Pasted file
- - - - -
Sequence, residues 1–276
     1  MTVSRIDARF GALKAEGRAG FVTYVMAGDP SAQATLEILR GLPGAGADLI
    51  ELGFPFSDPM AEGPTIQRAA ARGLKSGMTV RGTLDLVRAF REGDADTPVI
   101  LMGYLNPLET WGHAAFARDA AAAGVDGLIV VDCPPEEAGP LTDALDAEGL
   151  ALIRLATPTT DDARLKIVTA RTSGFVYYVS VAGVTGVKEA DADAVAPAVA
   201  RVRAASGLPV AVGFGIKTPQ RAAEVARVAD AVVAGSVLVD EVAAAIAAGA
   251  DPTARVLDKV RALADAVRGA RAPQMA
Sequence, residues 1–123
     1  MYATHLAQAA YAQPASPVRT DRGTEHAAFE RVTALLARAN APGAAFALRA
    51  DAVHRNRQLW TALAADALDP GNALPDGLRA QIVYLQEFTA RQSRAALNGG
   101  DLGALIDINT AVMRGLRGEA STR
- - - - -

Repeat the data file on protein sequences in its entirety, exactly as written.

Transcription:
Sequence, residues 1–276
     1  MTVSRIDARF GALKAEGRAG FVTYVMAGDP SAQATLEILR GLPGAGADLI
    51  ELGFPFSDPM AEGPTIQRAA ARGLKSGMTV RGTLDLVRAF REGDADTPVI
   101  LMGYLNPLET WGHAAFARDA AAAGVDGLIV VDCPPEEAGP LTDALDAEGL
   151  ALIRLATPTT DDARLKIVTA RTSGFVYYVS VAGVTGVKEA DADAVAPAVA
   201  RVRAASGLPV AVGFGIKTPQ RAAEVARVAD AVVAGSVLVD EVAAAIAAGA
   251  DPTARVLDKV RALADAVRGA RAPQMA
Sequence, residues 1–123
     1  MYATHLAQAA YAQPASPVRT DRGTEHAAFE RVTALLARAN APGAAFALRA
    51  DAVHRNRQLW TALAADALDP GNALPDGLRA QIVYLQEFTA RQSRAALNGG
   101  DLGALIDINT AVMRGLRGEA STR